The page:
Let's also consider who Jackie Thacker is and the kinds of trainers that race these types of horses.
Thacker has been fined four times for violating medication rules in Louisiana since 2007. In one case that year, a horse he trained tested positive for three different corticosteroids, which are anti-inflammatory drugs commonly used in racing but highly regulated. Thacker said he did not administer any corticosteroids to Monzante in the days preceding the race...
Thacker said Monzante was administered an 8-cubic-centimeter shot of phenylbutazone, a painkiller, approximately 36 hours prior to the Saturday race. In Louisiana, it is legal to administer the drug outside of 24 hours from a race. Monzante also was administered a shot of the anti-bleeding medication furosemide and the adjunct bleeding medication carbazachrome, an anti-hemorrhaging drug also known as “Kentucky Red,” at four hours to post time, in line with state regulations...
Thacker acknowledged in the interview that he was charged with six counts of animal cruelty in 1990. However, he said the charges were withdrawn and he was cleared of all the counts after investigators determined that he was not responsible for the horses in question. He said the horses were owned by another person who shipped them to his farm sight unseen, and that they arrived at the farm in poor condition.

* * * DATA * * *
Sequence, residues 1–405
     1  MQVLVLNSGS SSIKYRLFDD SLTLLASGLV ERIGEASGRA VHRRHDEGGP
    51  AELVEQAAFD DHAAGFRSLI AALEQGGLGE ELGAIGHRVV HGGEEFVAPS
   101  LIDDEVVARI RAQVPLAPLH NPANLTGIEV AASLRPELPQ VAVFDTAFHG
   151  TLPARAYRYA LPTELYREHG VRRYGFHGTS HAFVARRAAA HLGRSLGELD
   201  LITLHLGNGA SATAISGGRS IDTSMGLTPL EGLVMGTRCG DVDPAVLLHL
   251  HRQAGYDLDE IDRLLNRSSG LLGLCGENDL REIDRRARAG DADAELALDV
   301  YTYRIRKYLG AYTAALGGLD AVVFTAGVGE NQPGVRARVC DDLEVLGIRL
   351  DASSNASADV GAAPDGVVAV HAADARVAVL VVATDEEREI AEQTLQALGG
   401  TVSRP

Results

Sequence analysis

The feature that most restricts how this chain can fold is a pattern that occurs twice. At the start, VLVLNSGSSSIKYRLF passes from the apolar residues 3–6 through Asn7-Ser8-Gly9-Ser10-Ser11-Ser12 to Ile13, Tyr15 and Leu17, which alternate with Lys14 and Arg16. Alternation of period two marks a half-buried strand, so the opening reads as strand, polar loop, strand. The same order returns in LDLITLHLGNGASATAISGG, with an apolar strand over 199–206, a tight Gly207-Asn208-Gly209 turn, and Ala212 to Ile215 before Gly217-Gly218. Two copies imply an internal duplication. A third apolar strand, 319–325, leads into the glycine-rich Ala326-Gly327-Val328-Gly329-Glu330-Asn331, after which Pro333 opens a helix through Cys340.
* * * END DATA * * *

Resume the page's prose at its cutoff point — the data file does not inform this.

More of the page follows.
Clearly, the horse was being propped up so he could try to squeeze one or two more races out of him. That is, until he dropped. In Monzante's case, he didn't drop on the track. He had more class than that. Certainly more class than his trainer. Trainers like Don Roberson, of which there are many. As such, much of the blame also shifts to the Racing commission and the veterinarians, both of whom are fully aware of what is going on and do nothing about it.
Veteran trainer Don Roberson has been suspended by the Delaware Thoroughbred Racing Commission pending a stewards hearing after a Delaware Park barn search found him to be in possession of “injectable medications, syringes, and needles.”...Roberson has at least seven medication violations from 2005-11, including three overages for Butazolidin and three methocarbomol positives in 2011. A 2012 Bute overage at the Alameda County Fair was dismissed with only a warning from California Horse Racing Board stewards because of no “similar violations during the last 365 days.”